Traces of Guilt.
By Dee Henderson.
May 2016. 288p. Bethany, $22.99
State police detective Evie Blackwell is
excited to be in Carin, Illinois, as the new
head of a task force dedicated to examin-
ing cold cases, especially since her friend
and professional mentor, Ann Falcon, has
assured her that she will have the coopera-
tion of Sheriff Gabriel Thane. Excited is not,
however, exactly the word Gabriel would
use to describe his feelings about the task
force, since he knows his life and the lives
of the residents of Carin are going to be
disrupted as Evie looks into two different
missing persons cases. Unlike some of RITA
and Christy Award–winner Henderson’s
previous suspense novels, the first install-
ment in the Evie Blackwell Cold Case series
starts off slowly as she establishes her char-
acters and sets the stage. The combination
of dogged detective work and clever deduc-
tions that leads Evie to solve both cases is,
however, bound to please mystery fans,
and the hint of attraction between Evie
and Gabriel will keep romance readers
intrigued enough to see how this relation-
ship develops over the course of the series.
By D. P. Lyle.
July 2016. 352p. Oceanview, $26.95
(9781608091812); e-book (9781608091874).
Lyle debuts a new series starring Jake
Longly, former baseball player, now reluctant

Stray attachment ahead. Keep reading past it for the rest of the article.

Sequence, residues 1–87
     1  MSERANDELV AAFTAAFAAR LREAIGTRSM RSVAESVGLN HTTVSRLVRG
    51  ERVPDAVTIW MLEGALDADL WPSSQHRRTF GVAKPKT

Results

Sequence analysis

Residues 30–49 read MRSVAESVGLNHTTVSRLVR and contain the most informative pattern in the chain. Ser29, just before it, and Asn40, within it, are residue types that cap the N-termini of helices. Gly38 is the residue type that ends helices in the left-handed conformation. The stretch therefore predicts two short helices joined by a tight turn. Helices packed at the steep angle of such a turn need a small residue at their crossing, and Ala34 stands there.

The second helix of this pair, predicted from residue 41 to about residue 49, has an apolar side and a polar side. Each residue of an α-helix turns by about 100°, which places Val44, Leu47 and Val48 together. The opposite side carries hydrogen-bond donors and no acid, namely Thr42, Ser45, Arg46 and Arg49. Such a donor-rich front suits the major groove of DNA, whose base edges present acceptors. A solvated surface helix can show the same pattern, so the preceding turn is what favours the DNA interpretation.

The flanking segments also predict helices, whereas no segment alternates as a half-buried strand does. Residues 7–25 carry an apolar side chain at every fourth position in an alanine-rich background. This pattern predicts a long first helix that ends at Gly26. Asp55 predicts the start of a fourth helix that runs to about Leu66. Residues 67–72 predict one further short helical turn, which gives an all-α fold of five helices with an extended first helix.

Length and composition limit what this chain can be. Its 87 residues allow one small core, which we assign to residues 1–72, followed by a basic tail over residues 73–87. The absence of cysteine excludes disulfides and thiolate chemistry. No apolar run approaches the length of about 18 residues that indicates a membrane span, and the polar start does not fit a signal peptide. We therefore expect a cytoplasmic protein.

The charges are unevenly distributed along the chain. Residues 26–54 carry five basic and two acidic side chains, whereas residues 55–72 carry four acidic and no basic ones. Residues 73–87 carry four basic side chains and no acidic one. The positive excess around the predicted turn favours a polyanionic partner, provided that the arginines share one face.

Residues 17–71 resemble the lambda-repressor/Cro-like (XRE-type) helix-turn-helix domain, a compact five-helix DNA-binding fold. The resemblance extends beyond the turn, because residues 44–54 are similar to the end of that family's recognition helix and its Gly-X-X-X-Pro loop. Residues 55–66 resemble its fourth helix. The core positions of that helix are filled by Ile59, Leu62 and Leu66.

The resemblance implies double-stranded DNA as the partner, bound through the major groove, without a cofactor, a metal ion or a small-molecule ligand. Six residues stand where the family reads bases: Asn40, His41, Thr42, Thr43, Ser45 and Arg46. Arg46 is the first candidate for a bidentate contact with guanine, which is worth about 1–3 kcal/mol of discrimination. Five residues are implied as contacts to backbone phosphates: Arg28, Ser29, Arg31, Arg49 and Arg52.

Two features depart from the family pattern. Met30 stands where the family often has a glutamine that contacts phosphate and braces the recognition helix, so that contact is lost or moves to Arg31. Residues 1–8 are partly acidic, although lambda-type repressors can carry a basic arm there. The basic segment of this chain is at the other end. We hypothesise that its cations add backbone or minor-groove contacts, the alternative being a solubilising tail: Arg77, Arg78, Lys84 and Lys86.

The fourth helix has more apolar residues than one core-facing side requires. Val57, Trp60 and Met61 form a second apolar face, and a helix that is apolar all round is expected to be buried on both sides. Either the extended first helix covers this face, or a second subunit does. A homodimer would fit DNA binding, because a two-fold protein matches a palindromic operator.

PI working for his father. Assigned to watch
a wealthy woman believed to be having an
affair, he quickly learns that her paramour
is Jake’s own ex-wife’s new husband. Then
the woman is murdered, and Jake, who has
a mouth that speaks before his brain has
time to think, finds himself in deep trouble.
Readers who enjoy smart-mouthed PIs like
Robert Crais’ Elvis Cole will want to watch
this series develop. —Jeff Ayers
By Patricia Hall.
July 2016. 208p. Severn, $28.95 (9780727886057);
In Hall’s fifth Kate O’Donnell mystery, the
1960s-era photographer is documenting the
urban renewal of England’s Canvey Island,
devastated by floods in 1953. The island also
just happens to have a connection to the
disappearance of Ray Robertson, a Soho
club owner and murder suspect. Robertson,
along with O’Donnell’s boyfriend, Detective
Sergeant Harry Barnard, were evacuated to
the same farm as children during WWII and
maintain an uneasy alliance. As Barnard tries
to clear Robertson’s name without compromising his job, Kate learns that the lost loot
from a bank robbery may be the missing link
between Robertson and feuding families on
the island. O’Donnell and Barnard are a compelling couple—independent, yet devoted.
Hunt the Dragon.
By Don Mann and Ralph Pezzullo.
May 2016. 304p. Little, Brown/Mulholland, $26
(9780316377539); e-book, $13.99.
The latest in the SEAL Team Six series
is another action-packed and timely ad-
venture. The leader of the team, Thomas
Crocker, is having personal problems, but
it hasn’t affected his skills or loyalty to his
team. Scientist James Dawkins gives a talk
at a conference and then disappears. His
wife is frantic, but her pleas for help are ig-
nored. Dawkins has been kidnapped by the
North Koreans, who are demanding that he
fine-tune that country’s nuclear-weapons
system. While he contemplates his op-
tions, Crocker stumbles upon a bizarre
conspiracy involving men disguising them-
selves as Chinese diplomats. The action